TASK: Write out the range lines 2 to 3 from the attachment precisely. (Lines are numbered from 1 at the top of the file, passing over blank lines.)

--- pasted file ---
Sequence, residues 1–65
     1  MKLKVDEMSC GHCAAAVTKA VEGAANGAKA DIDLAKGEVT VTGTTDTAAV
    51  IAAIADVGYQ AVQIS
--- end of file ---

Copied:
     1  MKLKVDEMSC GHCAAAVTKA VEGAANGAKA DIDLAKGEVT VTGTTDTAAV
    51  IAAIADVGYQ AVQIS